- Ability to generate gain – If the debtor is not able to pay the debt off via a steady stream of income for example, then there is no reason to take on new debt. If you cannot pay off your debt, it may result in a loss of trust and forced liquidation.
Why is a Debt Schedule Important?
Usually a debt schedule is made because once a debt matures, it’s useful to be able to estimate the total amount of money that a company has to pay. A debt schedule is also used so that the company can monitor the maturity of the debt, which is then used to make decisions. An example of a decision made based on debt maturity would be considering the refinancing of debt through a different source or institution when the interest rate declines.
As well as this, the debt schedule report is able to be used to negotiate a new line of credit for the business. Lenders will consider the balance between risk and reward using the report before they grant a new credit.
If you'd like to read more about Debt Schedules, visit:]
- An automatic excel algebraic approach for revolving loan facility in annual financial models (no macro & circular links)1,378 remove_red_eyefreeby Ivan Klykov
Debt Modeling Workbook (Training)Train yourself at generating loan schedules for personal loans639 remove_red_eyefreeby Lance Rubin
Cash Flow Model Excel Template with Monthly Cash Flows, Scenarios, DCF, Capital Structure and Debt ModelAn extended Excel version of a Cash Flow financial model with a free video tutorial.477 remove_red_eye
Betas and LeverageObtain a table of betas at different debt ratios633 remove_red_eye
Adjusted Present Value for Optimizing DebtEstimate an "optimal" Capital Structure for a company using the Adjusted Present Value Approach.202 remove_red_eye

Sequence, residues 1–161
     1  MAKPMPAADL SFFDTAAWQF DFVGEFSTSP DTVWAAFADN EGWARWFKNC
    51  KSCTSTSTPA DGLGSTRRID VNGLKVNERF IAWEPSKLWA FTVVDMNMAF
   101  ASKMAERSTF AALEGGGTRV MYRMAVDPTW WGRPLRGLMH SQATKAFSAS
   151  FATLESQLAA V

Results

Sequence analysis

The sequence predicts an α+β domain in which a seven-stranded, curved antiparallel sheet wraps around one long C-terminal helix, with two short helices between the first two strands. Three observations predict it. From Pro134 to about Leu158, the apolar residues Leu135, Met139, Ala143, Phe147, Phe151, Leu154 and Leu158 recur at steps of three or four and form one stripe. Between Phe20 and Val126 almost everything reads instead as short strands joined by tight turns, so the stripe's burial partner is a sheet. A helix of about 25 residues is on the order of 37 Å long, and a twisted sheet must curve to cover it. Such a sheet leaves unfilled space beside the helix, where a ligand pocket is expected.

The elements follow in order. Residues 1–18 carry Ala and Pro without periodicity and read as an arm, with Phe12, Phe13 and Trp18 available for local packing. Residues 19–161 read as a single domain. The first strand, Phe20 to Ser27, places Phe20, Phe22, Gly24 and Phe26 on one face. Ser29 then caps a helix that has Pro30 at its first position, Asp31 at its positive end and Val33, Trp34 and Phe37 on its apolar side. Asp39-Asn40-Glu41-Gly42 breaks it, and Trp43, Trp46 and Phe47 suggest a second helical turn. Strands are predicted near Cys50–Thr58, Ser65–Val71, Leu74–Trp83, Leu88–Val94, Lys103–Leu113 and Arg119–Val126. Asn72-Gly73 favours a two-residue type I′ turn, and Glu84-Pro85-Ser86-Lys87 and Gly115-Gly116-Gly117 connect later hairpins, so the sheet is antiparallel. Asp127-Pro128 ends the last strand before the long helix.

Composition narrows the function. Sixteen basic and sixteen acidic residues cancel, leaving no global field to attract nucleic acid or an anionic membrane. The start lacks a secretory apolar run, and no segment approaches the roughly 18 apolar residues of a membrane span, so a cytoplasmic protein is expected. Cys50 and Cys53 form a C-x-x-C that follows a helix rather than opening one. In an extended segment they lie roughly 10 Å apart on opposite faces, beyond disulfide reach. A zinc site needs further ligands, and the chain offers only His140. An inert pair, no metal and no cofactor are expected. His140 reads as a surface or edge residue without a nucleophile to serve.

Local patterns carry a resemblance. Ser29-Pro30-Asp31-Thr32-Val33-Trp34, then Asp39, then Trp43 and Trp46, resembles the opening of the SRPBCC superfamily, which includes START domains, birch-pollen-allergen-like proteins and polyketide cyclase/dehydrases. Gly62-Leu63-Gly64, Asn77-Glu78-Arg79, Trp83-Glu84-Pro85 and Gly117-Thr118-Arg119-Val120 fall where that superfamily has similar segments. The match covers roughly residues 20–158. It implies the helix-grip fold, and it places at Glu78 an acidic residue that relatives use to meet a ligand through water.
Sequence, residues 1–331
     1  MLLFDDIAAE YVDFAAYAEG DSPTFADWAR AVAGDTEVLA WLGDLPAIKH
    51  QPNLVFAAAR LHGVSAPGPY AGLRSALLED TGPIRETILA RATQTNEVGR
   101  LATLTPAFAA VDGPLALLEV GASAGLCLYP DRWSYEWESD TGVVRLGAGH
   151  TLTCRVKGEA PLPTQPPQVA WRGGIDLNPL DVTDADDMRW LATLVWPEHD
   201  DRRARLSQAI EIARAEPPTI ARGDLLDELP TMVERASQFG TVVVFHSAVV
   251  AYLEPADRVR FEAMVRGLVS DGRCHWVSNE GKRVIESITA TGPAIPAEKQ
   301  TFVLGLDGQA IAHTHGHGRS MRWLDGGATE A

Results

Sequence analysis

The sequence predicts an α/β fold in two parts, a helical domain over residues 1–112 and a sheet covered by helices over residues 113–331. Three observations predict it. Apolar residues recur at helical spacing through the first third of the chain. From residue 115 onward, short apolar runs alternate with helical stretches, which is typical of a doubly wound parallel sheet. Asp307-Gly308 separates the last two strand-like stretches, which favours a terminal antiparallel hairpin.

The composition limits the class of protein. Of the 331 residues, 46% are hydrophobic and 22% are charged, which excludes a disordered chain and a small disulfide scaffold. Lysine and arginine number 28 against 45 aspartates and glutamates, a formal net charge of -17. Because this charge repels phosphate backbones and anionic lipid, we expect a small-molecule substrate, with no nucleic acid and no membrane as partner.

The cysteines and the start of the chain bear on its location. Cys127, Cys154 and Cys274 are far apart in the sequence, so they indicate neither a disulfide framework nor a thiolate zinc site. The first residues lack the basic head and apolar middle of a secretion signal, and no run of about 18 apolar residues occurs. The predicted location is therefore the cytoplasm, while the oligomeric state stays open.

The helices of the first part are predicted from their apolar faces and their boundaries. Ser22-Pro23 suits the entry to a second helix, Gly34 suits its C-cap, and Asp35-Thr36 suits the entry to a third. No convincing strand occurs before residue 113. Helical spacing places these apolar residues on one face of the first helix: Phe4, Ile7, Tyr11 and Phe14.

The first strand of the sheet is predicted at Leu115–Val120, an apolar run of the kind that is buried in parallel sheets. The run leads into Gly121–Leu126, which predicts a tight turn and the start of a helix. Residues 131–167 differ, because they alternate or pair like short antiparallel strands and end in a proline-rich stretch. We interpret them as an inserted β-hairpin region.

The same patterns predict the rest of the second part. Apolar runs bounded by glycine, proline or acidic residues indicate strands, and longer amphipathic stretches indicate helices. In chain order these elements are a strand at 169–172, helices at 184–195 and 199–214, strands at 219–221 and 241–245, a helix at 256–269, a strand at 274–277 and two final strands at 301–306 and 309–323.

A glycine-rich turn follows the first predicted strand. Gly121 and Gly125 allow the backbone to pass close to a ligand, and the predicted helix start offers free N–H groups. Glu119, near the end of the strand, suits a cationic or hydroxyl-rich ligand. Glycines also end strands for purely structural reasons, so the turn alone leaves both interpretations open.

Synthetic Rating & Cost of DebtAllows you to estimate a rating and a cost of debt for your company from the firm's interest coverage ratio444 remove_red_eye
Powerful and Customizable Debt Module Excel ModelPowerful, highly customization and free debt calculations module.126 remove_red_eye$19.00by Alex Martyanov
Design debt (by looking at sensitivity to macro variables)Allows you to estimate the duration of a firm's assets and its sensitivity to other macro economic variables127 remove_red_eye
Credit Analysis Excel Model of Project Finance with Methane/Diesel PlantHow to use a model for evaluating credit analysis within project finance.65 remove_red_eye
Analytics Software Platform Pro Forma Excel ModelDetailed excel model for analytics software and service platform, including debt schedules and exit valuation152 remove_red_eyefreeby Colin Ferrian
Valuation: Gross Debt vs Net DebtThis model reconciles Gross DEbt and Net Debt for Valuation156 remove_red_eye
Bond Yield Calculator Excel ModelAutomatic generation of scheduled bond payments and the calculation of resulting yield to maturity.40 remove_red_eye
Debt Capacity Calculator Excel ModelLearn how to compute Debt Capacity144 remove_red_eye$9.00by Alexander Jarvis
Loan Amortization Schedule in ExcelA loan amortization schedule template along with step-by-step instructions.33 remove_red_eye
KISS Debt VersionKISS stands for Keep It Simple Security: Debt Version legal document template.71 remove_red_eyefreeby 500 Startups
Cost and Market Value of Debt ModelExcel tool for calculating the cost and market value of debt.29 remove_red_eye
- Have a Debt Schedule Financial Model to share?
Your Debt Schedule Financial ModelPublish a model
Any questions on Debt Schedule?
The user community is here to help. Go ahead!